Most of the fitness industry is based on sales and marketing, not getting you actual results.
Kind of scary, huh?
As I’ve stated before, there is a lot of marketing garbage that most fitness companies use in order to get people to spend money and not get anywhere. This is how profits are made. If people who owned gym memberships used them frequently, gyms would go out of business. Their pricing model is even based on it being JUST expensive enough to have one and not cancel it for years, even though you never use it.
And how many fitness gadgets have you purchased over the years hoping that one would finally get you to be consistent, just to order another one that’s almost the same for Christmas a year later? An Apple Watch, a FitBit and a Garmin all do almost the same things when it comes to exercise recording. But some of you probably one of each.
I’ve compiled a very basic and sometimes downright frightening list of stuff to watch out for, either in person, on social media or especially through careful marketing tactics:
Most personal trainers are very under-qualified to design proper exercise programs.
Most commercial chain gyms sell a lot of personal training, simply due to the fact that sales of training are pure profit for them. Unfortunately, this has also led to some companies (and any major chain does this frequently) having trainers on the floor who haven’t even taken a certification course yet and simply “know how to work out”. In fact, this is how they are recruited to work there.
In my career, I have worked with every level of the spectrum, from a high school dropout who was recruited to be a trainer because of her looks, to a kinesiology grad who actually couldn’t coach someone through a bench press or name any of the muscles involved beyond “the chest”. Even those who have one certificate have had about 25 hours of classroom instruction, which is less than one course for one semester at any post-secondary institution.
However, some trainers go above and beyond this and are constantly looking for new educational opportunities – these are the ones you should be investing your money in. There are some brilliant people out there who really care about their craft and are willing to take the time to really learn the why behind what they do to people. Seek these people out and you will reap the rewards.
Don’t just accept any old trainer that a gym throws at you, because frequently it is just “who is available?”. Your money should go towards what you are paying for – quality, qualified attention with proper program design. If you decide to get training at a chain gym, buyer beware.
That ideal physique online or in magazines doesn’t really exist.
Having trained many fitness competitors and bodybuilders in the past decades, I know a lot of methods to help people drop fat fast and get more defined so they look great under lights or in front of a camera. The trouble is that absolutely none of these methods are in the slightest bit healthy or realistic for most people and require a ton of restricting.
When a competitor is so lean that they are about to step on stage, they typically have manipulated their sodium and water levels dangerously and are on little to no carbohydrates, sometimes for up to weeks at a time. They will also gain back massive amounts of weight in the form of water and carbohydrate after competing, sometimes up to 10% of their body weight in a matter of two weeks. This is not anything close to what an average person should go through.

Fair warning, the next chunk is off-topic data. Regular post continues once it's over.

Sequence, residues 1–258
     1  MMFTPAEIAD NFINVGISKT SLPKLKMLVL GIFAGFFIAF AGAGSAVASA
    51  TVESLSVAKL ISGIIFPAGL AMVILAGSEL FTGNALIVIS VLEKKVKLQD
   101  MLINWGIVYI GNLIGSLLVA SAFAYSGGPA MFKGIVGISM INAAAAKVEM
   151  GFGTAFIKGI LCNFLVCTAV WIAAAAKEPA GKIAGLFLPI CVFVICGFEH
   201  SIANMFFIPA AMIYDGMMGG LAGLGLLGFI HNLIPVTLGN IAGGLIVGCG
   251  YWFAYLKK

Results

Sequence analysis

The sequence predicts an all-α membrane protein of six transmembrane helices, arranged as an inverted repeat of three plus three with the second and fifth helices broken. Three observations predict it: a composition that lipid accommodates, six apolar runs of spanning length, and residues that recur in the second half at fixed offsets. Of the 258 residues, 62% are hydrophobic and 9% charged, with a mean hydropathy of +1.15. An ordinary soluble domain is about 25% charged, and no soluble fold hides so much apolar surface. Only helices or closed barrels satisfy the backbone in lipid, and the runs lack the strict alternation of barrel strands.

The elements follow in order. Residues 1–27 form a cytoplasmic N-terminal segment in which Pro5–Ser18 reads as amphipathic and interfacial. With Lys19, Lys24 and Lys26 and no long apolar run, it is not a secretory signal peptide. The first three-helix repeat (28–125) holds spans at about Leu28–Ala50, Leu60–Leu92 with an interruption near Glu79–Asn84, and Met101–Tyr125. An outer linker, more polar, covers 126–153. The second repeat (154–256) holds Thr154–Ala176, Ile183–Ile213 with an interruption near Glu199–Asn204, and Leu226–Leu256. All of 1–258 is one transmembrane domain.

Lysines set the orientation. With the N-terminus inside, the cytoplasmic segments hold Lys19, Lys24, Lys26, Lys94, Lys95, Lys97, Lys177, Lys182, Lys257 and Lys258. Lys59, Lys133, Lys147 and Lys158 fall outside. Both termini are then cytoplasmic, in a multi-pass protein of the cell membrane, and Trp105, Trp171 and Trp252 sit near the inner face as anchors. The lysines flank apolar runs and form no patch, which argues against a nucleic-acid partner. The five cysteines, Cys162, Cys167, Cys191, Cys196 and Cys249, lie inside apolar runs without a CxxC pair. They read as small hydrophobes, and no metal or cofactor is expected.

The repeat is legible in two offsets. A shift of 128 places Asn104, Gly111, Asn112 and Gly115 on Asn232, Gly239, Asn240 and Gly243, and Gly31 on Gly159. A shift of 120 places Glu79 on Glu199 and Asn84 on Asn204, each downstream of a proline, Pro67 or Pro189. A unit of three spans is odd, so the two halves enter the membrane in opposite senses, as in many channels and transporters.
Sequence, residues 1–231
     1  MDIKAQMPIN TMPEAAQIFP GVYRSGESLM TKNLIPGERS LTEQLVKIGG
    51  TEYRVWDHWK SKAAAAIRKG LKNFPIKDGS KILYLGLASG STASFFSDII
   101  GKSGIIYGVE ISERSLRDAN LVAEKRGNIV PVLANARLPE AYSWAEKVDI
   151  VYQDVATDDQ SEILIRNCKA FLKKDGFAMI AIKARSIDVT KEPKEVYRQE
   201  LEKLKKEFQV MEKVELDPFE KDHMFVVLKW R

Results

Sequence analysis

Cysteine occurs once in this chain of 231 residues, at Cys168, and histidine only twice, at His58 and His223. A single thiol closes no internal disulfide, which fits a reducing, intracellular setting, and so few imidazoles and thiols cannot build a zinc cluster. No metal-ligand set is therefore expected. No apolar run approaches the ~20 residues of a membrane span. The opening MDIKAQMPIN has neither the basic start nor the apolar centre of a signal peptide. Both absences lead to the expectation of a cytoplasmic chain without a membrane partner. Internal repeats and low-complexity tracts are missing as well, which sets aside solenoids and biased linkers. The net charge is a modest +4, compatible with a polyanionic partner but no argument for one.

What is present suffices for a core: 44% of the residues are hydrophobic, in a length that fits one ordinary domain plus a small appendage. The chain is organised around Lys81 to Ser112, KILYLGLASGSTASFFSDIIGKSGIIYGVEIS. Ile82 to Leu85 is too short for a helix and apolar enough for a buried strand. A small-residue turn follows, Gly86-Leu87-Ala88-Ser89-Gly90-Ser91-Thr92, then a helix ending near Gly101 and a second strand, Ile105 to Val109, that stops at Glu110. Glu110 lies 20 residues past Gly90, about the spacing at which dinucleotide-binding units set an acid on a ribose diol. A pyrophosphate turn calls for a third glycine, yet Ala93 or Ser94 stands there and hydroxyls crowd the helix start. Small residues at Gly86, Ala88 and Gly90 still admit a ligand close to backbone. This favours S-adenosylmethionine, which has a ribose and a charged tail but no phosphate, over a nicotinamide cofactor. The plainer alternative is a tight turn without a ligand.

When you see someone in a magazine, they are typically not this bad, but are not too far from it – airbrushing takes care of anything else. Never, ever look at a person in a magazine at more than a model and believe the promise that if you follow their “super effective” diet then you can look like them unless you are willing to suffer through the same regimen that they do. There are also trainers out there who swear up and down that if you follow their “magic program” you can look just like them, which is ridiculous.
Instagram is rampant with this. What the girls and guys there don’t tell you is that their photos are highly filtered and it took them about 20 shots to get the perfect angle. Don’t think for one second that they stepped into the gym looking like that.
You really don’t need a gym membership at all
I design workouts for clients all the time using simple bodyweight movements, with no equipment and very little time invested. If you are truly motivated to make a change, it takes nothing to put on your shoes and go for a fast walk, do some simple bodyweight squats, modified push-ups and mild planks and believe it or not – that’s a workout!
The things that gyms have is lots of fancy equipment that 75% of which you never need to touch and for some people, they enjoy the social aspect and group exercise, which is great. But it’s not anything that you really need in order to start the process of getting healthier. And choose weight training over cardio – every time. Walking and the like is a good start for most people, but once you can transition into strength, do it and stay there.
As I said in one of my previous articles, if you can just clean up your eating and get in 30 minutes of (extra) activity (ideally strength work of some type) 4 days a week, you will start to see some significant changes. You can work every muscle in your body easily with bodyweight and resistance bands if needed. Once you are in the habit, a small investment can get you a really decent home gym without having to worry about lineups or travel (or monthly expense).